A number of exceptions presently before the court involve transactions which occurred prior to May 27, 1940, the date of the decree confirming the previous master's report. Whether or not that decree conclusively precludes investigation into those transactions is the question now before me. The exceptions under attack, although many in number, may be grouped in general categories and will so be dealt with in this opinion.


The decedent, at the time of his death, was the owner of 3,549 shares of the Rising Sun Brewing Company, representing only about one-third of the total stock outstanding. In 1928, after dissolution of that company, Union County Trust Company took over certain of the assets of the company for the purpose of liquidating them for the benefit of all the stockholders. Its administration of the affairs of the Rising Sun Brewing Company was separate from its administration of the Isham estate. The interest of the estate in the Rising Sun trust was a minority one and there were other beneficiaries whose combined interests were twice as great. However, there was a direct relationship between the two trusts by reason of the estate's stock ownership, and the accountant, in its former account as executor and trustee of the estate,

[7 NJSuper Page 493]

showed what it had received for the benefit of the estate out of the assets of the Rising Sun trust. It is important to observe, however, that no formal accounting of the Rising Sun trust was filed at that time, nor was any such account ever filed until the present proceedings, when it was made the subject matter of the fifth section of the instant account.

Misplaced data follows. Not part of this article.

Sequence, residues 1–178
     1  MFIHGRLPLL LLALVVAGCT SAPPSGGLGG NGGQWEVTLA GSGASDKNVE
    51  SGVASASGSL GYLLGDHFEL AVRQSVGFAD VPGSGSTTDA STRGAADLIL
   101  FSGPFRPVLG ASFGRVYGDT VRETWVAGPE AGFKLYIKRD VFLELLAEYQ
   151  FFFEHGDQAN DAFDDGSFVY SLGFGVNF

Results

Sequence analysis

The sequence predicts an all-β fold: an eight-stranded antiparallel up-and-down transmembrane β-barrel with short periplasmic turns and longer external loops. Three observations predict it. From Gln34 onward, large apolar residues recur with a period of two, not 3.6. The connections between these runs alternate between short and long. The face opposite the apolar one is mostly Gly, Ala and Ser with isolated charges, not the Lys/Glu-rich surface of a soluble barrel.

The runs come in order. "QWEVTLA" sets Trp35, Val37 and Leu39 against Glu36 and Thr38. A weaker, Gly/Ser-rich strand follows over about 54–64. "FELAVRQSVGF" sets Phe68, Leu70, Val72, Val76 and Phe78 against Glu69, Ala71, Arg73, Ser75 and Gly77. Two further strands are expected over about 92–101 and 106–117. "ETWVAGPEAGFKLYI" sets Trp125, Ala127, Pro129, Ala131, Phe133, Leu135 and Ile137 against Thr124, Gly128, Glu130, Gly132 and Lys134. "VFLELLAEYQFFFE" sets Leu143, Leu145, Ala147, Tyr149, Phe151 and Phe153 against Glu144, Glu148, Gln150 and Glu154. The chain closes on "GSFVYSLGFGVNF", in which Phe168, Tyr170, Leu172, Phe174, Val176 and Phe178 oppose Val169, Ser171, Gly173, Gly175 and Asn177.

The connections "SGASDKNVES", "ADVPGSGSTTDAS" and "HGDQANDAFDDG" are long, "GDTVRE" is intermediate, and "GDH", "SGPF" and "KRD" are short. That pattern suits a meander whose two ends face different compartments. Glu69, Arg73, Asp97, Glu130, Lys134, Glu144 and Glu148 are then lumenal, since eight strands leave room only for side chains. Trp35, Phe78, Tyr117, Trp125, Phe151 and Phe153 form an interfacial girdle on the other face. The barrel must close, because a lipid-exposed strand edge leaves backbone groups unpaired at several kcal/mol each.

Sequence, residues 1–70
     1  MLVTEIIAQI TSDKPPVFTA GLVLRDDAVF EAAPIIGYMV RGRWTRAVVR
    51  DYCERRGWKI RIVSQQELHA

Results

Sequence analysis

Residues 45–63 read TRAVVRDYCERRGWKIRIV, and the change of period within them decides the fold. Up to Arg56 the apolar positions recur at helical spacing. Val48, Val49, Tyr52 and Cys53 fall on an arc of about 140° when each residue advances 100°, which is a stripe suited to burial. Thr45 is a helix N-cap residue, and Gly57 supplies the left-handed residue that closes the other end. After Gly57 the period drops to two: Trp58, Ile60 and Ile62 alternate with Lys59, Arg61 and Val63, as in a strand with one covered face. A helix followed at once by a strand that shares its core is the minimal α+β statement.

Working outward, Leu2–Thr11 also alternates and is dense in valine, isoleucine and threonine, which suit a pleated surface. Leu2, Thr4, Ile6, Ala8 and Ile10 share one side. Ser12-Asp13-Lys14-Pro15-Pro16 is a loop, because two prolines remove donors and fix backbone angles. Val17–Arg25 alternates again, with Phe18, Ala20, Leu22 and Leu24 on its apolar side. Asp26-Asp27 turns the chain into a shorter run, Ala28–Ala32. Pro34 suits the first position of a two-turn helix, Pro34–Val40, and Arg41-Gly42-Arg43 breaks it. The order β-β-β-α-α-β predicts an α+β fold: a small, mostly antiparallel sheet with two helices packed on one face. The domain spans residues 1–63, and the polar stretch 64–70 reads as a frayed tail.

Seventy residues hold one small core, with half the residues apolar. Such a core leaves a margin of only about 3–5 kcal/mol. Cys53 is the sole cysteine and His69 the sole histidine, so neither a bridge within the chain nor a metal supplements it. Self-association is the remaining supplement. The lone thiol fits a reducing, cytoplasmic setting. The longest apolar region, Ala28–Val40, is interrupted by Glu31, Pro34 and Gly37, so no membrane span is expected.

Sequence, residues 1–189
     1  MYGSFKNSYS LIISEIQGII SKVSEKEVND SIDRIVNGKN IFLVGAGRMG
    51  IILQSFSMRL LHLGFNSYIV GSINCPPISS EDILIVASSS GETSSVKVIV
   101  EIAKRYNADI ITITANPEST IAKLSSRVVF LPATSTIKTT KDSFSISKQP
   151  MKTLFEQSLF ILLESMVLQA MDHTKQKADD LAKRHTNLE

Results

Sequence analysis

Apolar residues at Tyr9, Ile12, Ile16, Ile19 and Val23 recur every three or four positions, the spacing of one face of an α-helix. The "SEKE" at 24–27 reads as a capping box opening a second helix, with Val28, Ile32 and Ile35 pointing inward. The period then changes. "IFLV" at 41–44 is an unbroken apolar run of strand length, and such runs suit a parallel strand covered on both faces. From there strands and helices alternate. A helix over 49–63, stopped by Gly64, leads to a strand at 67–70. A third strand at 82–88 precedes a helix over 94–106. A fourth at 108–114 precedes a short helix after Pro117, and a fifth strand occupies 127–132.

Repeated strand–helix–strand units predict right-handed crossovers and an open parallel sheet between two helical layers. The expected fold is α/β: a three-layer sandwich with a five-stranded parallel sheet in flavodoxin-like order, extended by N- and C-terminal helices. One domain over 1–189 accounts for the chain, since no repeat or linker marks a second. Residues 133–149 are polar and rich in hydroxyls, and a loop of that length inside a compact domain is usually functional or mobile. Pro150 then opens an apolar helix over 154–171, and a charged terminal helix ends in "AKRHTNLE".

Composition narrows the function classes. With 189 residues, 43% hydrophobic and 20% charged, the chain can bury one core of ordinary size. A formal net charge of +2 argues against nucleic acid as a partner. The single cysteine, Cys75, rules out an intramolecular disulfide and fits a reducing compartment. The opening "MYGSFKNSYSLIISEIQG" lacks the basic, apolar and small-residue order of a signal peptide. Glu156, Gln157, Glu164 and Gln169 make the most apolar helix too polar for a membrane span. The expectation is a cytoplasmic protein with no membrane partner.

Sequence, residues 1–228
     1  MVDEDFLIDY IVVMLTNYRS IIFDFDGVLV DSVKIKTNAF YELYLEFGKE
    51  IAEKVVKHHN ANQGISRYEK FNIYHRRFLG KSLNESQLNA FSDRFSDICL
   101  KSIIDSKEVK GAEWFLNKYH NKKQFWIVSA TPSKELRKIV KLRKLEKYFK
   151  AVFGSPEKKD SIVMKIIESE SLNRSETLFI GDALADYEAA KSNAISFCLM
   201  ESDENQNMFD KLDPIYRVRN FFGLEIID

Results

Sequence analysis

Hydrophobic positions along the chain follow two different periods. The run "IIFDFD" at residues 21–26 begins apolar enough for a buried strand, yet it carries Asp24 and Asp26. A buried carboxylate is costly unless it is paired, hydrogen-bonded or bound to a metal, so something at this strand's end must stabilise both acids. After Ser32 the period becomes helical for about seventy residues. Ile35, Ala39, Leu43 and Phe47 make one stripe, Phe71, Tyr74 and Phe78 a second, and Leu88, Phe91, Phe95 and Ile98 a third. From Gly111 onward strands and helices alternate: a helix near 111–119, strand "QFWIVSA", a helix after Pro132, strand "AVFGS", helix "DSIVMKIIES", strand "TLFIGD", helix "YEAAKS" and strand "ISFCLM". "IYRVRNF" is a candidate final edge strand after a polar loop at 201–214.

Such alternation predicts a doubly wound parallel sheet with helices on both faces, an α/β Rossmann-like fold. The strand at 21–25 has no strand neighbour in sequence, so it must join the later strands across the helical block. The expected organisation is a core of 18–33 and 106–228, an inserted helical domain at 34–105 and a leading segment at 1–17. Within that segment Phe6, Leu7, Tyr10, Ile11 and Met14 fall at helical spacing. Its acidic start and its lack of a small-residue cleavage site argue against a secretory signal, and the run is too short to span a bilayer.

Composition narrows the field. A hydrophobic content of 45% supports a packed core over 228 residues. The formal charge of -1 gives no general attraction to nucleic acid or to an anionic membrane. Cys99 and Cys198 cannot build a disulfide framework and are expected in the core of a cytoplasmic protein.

The exceptants charge the accountant with failure to set forth sufficient information; negligent and improper conduct in permitting assets to become dissipated; failure to account for monies; improper dealings with one Seeber, a stockholder in the Rising Sun Brewing Company; and bad faith generally in connection with the administration of the affairs of the Rising Sun trust.

The accountant now seeks to invoke the rule of res judicata and estoppel by judgment as to all matters prior to May 27, 1940, the date of the decree on the prior account. In effect the accountant contends that the information disclosed collaterally in the earlier estate accounting should now be considered as an account of its administration of the Rising Sun trust. With this I cannot agree. The two trusts are separate and distinct. A different corpus and different beneficiaries are involved. Even the commencement and terminal dates of the several accounts differ materially. The decree confirming the master's report in the earlier estate account does not constitute an adjudication with respect to the Rising Sun account.

Furthermore, the trustee here seeks approval of transactions embracing the entire period of its administration of the Rising Sun trust. The beneficiaries should not be restricted or precluded from making inquiry into all transactions for which confirmation is sought.